According to one news report, investors are concerned that if CoBank is successful in redeeming its subordinated notes, AgriBank FCB, another of the four FCS banks, will seek to retire $498 million of subordinated notes due in 2019. Those notes, which yield 9.125%, trade at a 20% premium over book value. Farm Credit Bank of Texas and AgStar Financial Services, the fourth-largest FCS association, have smaller amounts of high-yielding subordinated debt outstanding they will probably try to redeem, too. A news article about these forthcoming redemptions reported that “some creditors who stand to lose money have threatened never to buy another CoBank or [FCS] bond again.” That is unlikely, though, given the high creditworthiness of senior FCS debt due to its implicit federal backing – see the next article. It will be interesting to see if any bondholders sue to block the CoBank redemption.
Fitch affirms FCS and FCS Banks’ high credit ratings
Fitch Ratings, one of the three major credit rating agencies, recently reaffirmed the FCS’s “long-term Issuer Default Rating (IDR) and short-term IDR at AAA/F1+ respectively. The Rating Outlook is Stable.” The other two major rating agencies – Moody’s and S&P – also maintain comparable ratings on FCS debt. Fitch noted that “as a government-sponsored entity (GSE), the FCS benefits from implicit government support. Therefore, the ratings and Rating Outlook of the FCS are directly linked to the U.S. Sovereign rating.” This linkage, of course, is why FCS debt trades so tightly to the Treasury yield curve, which in turn gives the FCS one of its key funding advantages over banks and other private-sector lenders – a very low cost of funds. Fitch also “affirmed the long-term and short-term IDRs of [the four FCS banks] as AA-/F1+. The Rating Outlook is Stable.” Fitch went on to note that “the affirmation of the [FCS banks’] IDRs reflect their prudent, conservative credit culture, their unique funding advantage and their structural second-loss position on the majority of their loan portfolio.” [emphasis supplied]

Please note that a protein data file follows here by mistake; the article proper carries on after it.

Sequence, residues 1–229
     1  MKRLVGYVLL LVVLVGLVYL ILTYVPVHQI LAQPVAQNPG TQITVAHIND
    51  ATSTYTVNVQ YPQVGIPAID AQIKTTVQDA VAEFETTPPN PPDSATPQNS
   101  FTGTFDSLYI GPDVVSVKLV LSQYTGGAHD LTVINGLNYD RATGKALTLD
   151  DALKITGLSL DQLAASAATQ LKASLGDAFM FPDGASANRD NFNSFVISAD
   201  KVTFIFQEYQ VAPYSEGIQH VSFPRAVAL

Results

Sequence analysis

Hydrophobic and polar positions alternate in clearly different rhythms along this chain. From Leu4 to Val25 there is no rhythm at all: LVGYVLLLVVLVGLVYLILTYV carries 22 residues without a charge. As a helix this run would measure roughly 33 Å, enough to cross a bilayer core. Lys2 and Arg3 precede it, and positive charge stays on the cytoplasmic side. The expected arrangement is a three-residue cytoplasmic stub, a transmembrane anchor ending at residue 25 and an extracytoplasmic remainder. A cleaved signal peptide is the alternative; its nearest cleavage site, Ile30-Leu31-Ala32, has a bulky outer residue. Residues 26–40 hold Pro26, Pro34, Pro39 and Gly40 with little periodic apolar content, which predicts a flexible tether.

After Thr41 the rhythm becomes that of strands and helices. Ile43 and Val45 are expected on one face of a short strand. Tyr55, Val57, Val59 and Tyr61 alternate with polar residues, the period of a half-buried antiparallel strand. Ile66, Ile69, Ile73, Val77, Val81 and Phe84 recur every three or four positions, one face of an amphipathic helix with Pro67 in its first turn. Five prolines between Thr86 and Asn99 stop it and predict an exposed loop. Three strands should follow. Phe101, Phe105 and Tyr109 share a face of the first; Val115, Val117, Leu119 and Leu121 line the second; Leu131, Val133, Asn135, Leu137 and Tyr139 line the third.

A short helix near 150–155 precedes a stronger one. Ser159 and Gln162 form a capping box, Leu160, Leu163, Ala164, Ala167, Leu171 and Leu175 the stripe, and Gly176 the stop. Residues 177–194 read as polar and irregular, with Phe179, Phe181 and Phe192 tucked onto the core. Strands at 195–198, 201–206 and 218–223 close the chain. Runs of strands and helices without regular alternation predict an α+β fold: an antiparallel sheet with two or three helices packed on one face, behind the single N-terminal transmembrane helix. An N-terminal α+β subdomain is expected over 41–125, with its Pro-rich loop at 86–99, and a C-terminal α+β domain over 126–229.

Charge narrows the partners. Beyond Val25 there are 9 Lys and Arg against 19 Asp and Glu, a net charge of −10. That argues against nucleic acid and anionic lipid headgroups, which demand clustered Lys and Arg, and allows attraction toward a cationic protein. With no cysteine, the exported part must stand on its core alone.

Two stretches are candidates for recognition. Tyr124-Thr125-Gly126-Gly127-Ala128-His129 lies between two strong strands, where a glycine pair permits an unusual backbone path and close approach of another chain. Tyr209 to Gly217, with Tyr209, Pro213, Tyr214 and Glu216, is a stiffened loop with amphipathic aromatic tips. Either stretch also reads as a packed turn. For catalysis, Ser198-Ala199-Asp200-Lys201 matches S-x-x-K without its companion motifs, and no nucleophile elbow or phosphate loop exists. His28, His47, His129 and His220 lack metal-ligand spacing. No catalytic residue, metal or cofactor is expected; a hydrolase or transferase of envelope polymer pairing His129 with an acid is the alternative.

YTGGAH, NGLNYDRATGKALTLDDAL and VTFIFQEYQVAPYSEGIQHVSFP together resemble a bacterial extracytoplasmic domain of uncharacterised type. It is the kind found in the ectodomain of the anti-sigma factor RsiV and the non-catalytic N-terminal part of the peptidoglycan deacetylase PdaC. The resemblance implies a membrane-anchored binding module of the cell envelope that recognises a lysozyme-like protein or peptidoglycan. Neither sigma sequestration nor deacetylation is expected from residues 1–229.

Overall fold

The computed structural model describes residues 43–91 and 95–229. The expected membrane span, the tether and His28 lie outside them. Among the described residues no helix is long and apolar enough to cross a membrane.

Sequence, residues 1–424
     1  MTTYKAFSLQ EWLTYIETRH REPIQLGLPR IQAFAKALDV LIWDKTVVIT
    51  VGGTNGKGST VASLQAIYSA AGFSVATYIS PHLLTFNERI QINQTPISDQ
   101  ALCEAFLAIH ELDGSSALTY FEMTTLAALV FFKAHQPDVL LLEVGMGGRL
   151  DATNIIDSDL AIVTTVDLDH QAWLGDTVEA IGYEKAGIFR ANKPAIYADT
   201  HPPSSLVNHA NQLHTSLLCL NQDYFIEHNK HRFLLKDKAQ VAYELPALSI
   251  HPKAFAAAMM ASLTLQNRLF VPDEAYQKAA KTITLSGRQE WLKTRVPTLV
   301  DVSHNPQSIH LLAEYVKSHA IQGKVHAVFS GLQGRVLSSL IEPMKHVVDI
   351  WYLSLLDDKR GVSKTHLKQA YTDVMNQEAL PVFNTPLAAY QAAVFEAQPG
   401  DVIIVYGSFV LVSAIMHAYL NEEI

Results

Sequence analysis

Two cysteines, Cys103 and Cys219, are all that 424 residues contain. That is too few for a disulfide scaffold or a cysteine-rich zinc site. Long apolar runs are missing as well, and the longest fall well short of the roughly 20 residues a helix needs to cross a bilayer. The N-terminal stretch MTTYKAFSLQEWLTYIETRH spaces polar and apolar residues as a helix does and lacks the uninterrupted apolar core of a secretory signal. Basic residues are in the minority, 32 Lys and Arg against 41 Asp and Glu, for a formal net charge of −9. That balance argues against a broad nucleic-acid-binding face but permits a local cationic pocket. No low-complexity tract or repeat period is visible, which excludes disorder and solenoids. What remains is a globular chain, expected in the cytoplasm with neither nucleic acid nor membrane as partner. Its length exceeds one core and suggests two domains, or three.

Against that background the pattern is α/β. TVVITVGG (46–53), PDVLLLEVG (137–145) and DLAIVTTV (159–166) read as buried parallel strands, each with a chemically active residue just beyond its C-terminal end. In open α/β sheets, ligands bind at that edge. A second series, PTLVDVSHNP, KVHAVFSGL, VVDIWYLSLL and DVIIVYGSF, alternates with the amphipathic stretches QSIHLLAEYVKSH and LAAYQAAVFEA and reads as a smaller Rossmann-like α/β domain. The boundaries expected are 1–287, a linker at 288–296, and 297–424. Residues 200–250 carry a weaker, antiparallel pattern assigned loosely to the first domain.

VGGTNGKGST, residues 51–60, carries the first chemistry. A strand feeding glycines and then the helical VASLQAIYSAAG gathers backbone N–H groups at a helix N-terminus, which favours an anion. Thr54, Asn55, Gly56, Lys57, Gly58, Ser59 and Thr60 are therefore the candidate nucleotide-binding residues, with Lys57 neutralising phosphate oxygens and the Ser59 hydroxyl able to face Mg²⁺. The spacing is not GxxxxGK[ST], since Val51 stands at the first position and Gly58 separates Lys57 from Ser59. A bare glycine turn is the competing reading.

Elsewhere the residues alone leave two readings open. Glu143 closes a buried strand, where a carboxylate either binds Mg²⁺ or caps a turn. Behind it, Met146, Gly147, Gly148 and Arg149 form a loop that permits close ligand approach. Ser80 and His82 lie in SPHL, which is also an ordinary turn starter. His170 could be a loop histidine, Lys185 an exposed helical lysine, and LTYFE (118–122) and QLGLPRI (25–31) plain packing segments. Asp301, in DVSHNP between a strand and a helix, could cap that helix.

The FCS banks jointly own the Federal Farm Credit Banks Funding Corporation, which issues and markets the FCS’s Systemwide Debt Securities which Fitch rated AAA. The FCS banks use those borrowings to fund both loans they hold on their own books as well to fund their loans to the 74 FCS associations who in turn relend those funds to farmers, ranchers, and others, in direct competition with banks and other private-sector lenders. Consequently, FCS associations can charge lower lending rates because of the FCS’s AAA rating. Because the FCS banks are jointly-and-severally liable for debt the Funding Corporation sells to investors, the FCS can therefore be properly viewed as one giant, highly interconnected financial institution. As the Washington Post reported, “If [the FCS] were a single bank, it would be the ninth largest financial institution – measured by assets – in the United States.”